20. Field driven magnetic racetrack memory accompanied with the interfacial Dzyaloshinskii-Moriya interaction

    Science.gov (United States)

    Kim, June-Seo; Lee, Hyeon-Jun; Hong, Jung-Il; You, Chun-Yeol

    2018-06-01

    The in-plane magnetic field pulse driven domain wall motion on a perpendicularly magnetized nanowire is numerically investigated by performing micromagnetic simulations and magnetic domain wall dynamics are evaluated analytically with one-dimensional collective coordinate models including the interfacial Dzyaloshinskii-Moriya interaction. With the action of the precession torque, the chirality and the magnetic field direction dependent displacements of the magnetic domain walls are clearly observed. In order to move Bloch type and Neel type domain walls, a longitudinal and a transverse in-plane magnetic field pulse are required, respectively. The domain wall type (Bloch or Neel) can easily be determined by the dynamic motion of the domain walls under the applied pulse fields. By applying a temporally asymmetric in-plane field pulse and successive notches in the perpendicularly magnetized nanowire strip line with a proper interval, the concept of racetrack memory based on the synchronous displacements of the chirality dependent multiple domain walls is verified to be feasible. Requirement of multiple domain walls with homogeneous chirality is achieved with the help of Dzyaloshinskii-Moriya interaction.

  1. Transformation of iron sulfide to greigite by nitrite produced by oil field bacteria.

    Science.gov (United States)

    Lin, Shiping; Krause, Federico; Voordouw, Gerrit

    2009-05-01

    Nitrate, injected into oil fields, can oxidize sulfide formed by sulfate-reducing bacteria (SRB) through the action of nitrate-reducing sulfide-oxidizing bacteria (NR-SOB). When reservoir rock contains siderite (FeCO(3)), the sulfide formed is immobilized as iron sulfide minerals, e.g. mackinawite (FeS). The aim of our study was to determine the extent to which oil field NR-SOB can oxidize or transform FeS. Because no NR-SOB capable of growth with FeS were isolated, the well-characterized oil field isolate Sulfurimonas sp. strain CVO was used. When strain CVO was presented with a mixture of chemically formed FeS and dissolved sulfide (HS(-)), it only oxidized the HS(-). The FeS remained acid soluble and non-magnetic indicating that it was not transformed. In contrast, when the FeS was formed by adding FeCl(2) to a culture of SRB which gradually produced sulfide, precipitating FeS, and to which strain CVO and nitrate were subsequently added, transformation of the FeS to a magnetic, less acid-soluble form was observed. X-ray diffraction and energy-dispersive spectrometry indicated the transformed mineral to be greigite (Fe(3)S(4)). Addition of nitrite to cultures of SRB, containing microbially formed FeS, was similarly effective. Nitrite reacts chemically with HS(-) to form polysulfide and sulfur (S(0)), which then transforms SRB-formed FeS to greigite, possibly via a sulfur addition pathway (3FeS + S(0) --> Fe(3)S(4)). Further chemical transformation to pyrite (FeS(2)) is expected at higher temperatures (>60 degrees C). Hence, nitrate injection into oil fields may lead to NR-SOB-mediated and chemical mineral transformations, increasing the sulfide-binding capacity of reservoir rock. Because of mineral volume decreases, these transformations may also increase reservoir injectivity.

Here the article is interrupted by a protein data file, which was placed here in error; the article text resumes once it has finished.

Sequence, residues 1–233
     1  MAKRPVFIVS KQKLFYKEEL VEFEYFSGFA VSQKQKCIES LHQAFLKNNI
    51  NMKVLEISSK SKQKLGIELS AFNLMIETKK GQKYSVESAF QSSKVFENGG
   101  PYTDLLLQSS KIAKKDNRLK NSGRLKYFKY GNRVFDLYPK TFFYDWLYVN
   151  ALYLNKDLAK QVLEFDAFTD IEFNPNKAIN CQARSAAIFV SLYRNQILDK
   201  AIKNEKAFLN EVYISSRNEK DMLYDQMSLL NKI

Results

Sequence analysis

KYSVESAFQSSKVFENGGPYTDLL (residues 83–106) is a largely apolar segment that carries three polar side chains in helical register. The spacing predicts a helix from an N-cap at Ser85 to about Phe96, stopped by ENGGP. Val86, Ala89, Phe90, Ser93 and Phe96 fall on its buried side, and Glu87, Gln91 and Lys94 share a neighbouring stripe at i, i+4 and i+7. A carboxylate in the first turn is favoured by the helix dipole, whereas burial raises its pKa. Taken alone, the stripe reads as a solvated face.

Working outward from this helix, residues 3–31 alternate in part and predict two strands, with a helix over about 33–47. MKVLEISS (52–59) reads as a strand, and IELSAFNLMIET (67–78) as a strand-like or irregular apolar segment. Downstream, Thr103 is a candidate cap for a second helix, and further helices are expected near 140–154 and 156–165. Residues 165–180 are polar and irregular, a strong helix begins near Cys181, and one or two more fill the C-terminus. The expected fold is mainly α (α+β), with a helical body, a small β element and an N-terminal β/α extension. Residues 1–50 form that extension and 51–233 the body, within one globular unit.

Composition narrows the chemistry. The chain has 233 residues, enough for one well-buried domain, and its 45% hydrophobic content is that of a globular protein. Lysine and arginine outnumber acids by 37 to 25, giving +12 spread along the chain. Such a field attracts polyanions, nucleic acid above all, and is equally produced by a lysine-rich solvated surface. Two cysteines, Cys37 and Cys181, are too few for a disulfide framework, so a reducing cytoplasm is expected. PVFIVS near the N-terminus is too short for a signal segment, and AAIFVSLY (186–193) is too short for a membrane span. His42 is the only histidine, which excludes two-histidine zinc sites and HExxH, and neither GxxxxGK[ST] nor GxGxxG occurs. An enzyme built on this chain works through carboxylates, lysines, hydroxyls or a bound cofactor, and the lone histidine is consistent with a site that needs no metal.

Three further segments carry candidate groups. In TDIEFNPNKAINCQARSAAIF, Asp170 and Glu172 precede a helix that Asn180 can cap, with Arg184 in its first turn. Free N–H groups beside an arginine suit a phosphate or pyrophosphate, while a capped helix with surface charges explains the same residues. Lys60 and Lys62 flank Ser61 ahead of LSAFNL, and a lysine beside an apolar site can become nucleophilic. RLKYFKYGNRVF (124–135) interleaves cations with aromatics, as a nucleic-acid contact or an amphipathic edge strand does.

2. Using the Cycloid as an Introduction to Transformations of E and B Fields

    Science.gov (United States)

    Frodyma, Marc; Le, My Phuong

    2018-05-01

    The transformations of electric and magnetic fields are usually introduced by viewing systems such as a long, straight current-carrying wire and a parallel plate capacitor in two different reference frames. These well-known examples show that magnetism is a necessary consequence of augmenting electrostatics with relativity. Because they require the full apparatus of Lorentz contraction and Lorentz transformation of forces, they are often postponed until the upper-division undergraduate electrodynamics course.

  3. Nonuniform transformation field analysis of multiphase elasto viscoplastic materials: application to MOX fuels

    International Nuclear Information System (INIS)

    Roussette, S.

    2005-05-01